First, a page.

Great news for clients!
Finally, VAT status approval of our managed portfolios has arrived. October last year we made the change and reclaimed past years’ VAT on management fees. I can now confirm finally we have had HMRC consent (despite the copious case studies approved already). The great news is that we shall be enjoying a rebate of VAT of about £1million for clients as well as the ongoing savings!
This all actually came about following a directive. We had challenged treatment on many occasions in the past about how the playing field was unfair in that many investment products were exempted from VAT but discretionary services were not. Finally, first one, then another firm was successful and this snowballed to include us. It means we move to ‘Partial Exemption’ to VAT. We must still charge VAT on other services and also we can no longer reclaim VAT on most costs we suffer. This means it is not a straight ‘20%’ rebate for clients because now we have to suffer the VAT on the services provided to them by other VATable providers. Initially for example, our administrators will still charge us VAT.
What are the consequences? Our already competitive costs which clients pay (especially for what we provide and can do within that) will drop usefully and perhaps the rebate may be equal to something like a net ‘15’ of the ‘20%’ paid already in view of that inability to reclaim now (that would mean clients receiving back 75% of the gross VAT they paid). However, we have also had opportunity to review our overall charges on the back of the phenomenal success we have enjoyed this last eighteen months especially, with funds under management breaching new records to clients’ benefit as their values grow, that we are going to absorb this extra cost, effectively cutting our management fees even more. We shall simply remove the WHOLE 20% VAT despite the fact we must absorb all the VAT our suppliers charge us now. In a nutshell, this means for example that our already very competitive management charges fall by 17%!
The refunds will be calculated and applied automatically for all eligible clients but it will take time as it will be quite a task to perform so please don’t call to ask!
So if I said there was a UK quoted investment fund where for 70p today you can buy a Pound’s worth of assets (quoted companies’ shares) and the knowledge that before the year is out the Fund is closing-down so everyone will receive their ‘£1’ back again, would you believe me? That’s a 43% gain if the assets simply remain the same price. Yes, these assets could fall back but they could also rise further (especially as our £1 is enjoying the investment return on £1.43’s worth of assets too). Well, there is and whilst final liquidation is a lengthy process sometimes and there are costs, this technical trading opportunity is just the sort of thing we love for clients. What are the risks? The same as any other share investment fund but with the assurance of ‘playing’ with 30% for free thus much lower – in other words if the assets dropped by 30% between now and then, we still receive our 70p back (and probably dividends in between too). The stupid thing is that the textbooks and regulatory processes will still be rating this investment as ‘higher risk’. If you aren’t with us the likelihood of your manager or adviser having it are pretty non-existent… This quoted investment company is worth less than £100million, so inaccessible to bigger investors who can’t buy enough of it and who feel they then can’t sell it when they want, so we shall keep nibbling-away as much as we can whilst the opportunity endures. We have £1.2millions’ worth of it already but we’re elevating its priority to enable us to acquire more before the extra value is snaffled by others!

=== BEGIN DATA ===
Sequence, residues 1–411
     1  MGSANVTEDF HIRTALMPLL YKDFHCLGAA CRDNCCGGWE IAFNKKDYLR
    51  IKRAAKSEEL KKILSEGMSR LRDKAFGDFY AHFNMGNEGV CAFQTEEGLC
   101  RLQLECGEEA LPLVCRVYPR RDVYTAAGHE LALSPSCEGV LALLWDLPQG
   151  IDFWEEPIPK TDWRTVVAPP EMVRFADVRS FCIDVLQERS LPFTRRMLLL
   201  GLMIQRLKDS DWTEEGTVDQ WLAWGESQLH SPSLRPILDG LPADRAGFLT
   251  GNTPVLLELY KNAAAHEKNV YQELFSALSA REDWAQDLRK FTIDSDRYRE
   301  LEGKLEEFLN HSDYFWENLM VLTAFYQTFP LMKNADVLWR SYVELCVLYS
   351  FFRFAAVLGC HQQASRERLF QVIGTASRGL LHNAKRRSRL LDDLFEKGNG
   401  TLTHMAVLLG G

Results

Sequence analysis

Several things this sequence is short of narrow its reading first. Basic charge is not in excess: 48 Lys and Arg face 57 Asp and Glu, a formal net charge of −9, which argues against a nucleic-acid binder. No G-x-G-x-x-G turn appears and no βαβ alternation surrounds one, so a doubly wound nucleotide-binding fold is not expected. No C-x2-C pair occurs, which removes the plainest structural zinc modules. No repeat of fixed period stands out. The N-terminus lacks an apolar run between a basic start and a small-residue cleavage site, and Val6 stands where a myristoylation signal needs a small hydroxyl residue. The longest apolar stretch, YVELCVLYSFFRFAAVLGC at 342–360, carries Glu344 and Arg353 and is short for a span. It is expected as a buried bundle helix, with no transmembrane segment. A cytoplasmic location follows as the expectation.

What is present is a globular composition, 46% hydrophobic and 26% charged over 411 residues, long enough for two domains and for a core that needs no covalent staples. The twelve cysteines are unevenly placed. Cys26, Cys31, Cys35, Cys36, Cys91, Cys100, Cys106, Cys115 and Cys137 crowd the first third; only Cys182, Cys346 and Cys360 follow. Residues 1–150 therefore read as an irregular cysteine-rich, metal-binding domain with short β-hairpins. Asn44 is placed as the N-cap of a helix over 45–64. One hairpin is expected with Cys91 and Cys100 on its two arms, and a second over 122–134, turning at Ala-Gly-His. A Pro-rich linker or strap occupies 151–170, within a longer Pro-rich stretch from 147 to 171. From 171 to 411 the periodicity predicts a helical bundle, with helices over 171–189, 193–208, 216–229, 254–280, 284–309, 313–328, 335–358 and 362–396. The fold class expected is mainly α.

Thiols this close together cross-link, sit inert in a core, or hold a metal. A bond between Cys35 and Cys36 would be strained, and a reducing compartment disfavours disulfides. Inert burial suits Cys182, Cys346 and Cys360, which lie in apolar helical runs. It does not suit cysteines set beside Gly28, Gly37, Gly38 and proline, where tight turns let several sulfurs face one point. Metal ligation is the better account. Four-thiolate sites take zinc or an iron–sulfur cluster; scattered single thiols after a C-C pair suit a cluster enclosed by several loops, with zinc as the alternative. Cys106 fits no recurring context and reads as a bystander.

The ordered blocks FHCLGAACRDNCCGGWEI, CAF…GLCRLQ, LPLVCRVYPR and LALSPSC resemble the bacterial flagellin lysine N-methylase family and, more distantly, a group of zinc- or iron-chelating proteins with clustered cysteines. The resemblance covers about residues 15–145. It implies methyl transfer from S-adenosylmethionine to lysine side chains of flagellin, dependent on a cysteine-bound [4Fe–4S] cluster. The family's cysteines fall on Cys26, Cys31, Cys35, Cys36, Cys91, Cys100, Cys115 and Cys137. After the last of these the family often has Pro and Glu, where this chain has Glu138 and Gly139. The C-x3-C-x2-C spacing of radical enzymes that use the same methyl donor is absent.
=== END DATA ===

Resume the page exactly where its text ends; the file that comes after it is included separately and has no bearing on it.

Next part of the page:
The Big Short
Have you heard of Michael Burry? He was the contrarian who predicted the Subprime market crash in 2008/9 as its ‘quality’ was based on straw. The film ‘The Big Short’ is certainly worth watching. Unbeknown to me but he has also been suggesting there could easily be a ‘passives-led crash’, as I have been saying is not so impossible and really is probable. Why? Because the reason people have for buying something is simply ‘because it is there’ and not based on fundamentals. This disconnect is very dangerous, especially when the sums involved are so vast. Think about it too – if you have no handle on value at these heady levels, in a falling market when do you perceive there is fair and appropriate value? You don’t have any baseline and in fact would run around like a headless chicken.
This has been fuelled of late with the surge in ‘ESG’ as people blindly buy things which appear to fit those credentials – though very subjective they are too, including, oddly enough, pretty much all the same stuff at the top as the passives own (as several investment groups complained the Hedge Fund buying Morrison’s was paying too little – but they didn’t own the shares to profit on the bid, despite Morrison’s own great ESG credentials such as owning and managing its own farms to assure quality control and so on… This would include fuel-guzzling space entertainment flight companies Amazon and Tesla but oddly enough, they seemed to have ignored companies like Morrisons. It’s a funny old-world but we are staying clear of the over-bought, over-priced stuff but primarily because we can as the unloved is still fundamentally much, much cheaper and thus phenomenally safer than that at which ‘everyone else’ is throwing money like there is no reckoning…, and no, not all of Michael Burry’s predictions have been right either, before someone says so but you only need to be right or near right on the biggest, don’t you… http://accreditedinvestorjournal.com/2021/07/21/michael-burry-predicts-another-market-crash-this-is-his-stock-portfolio-now/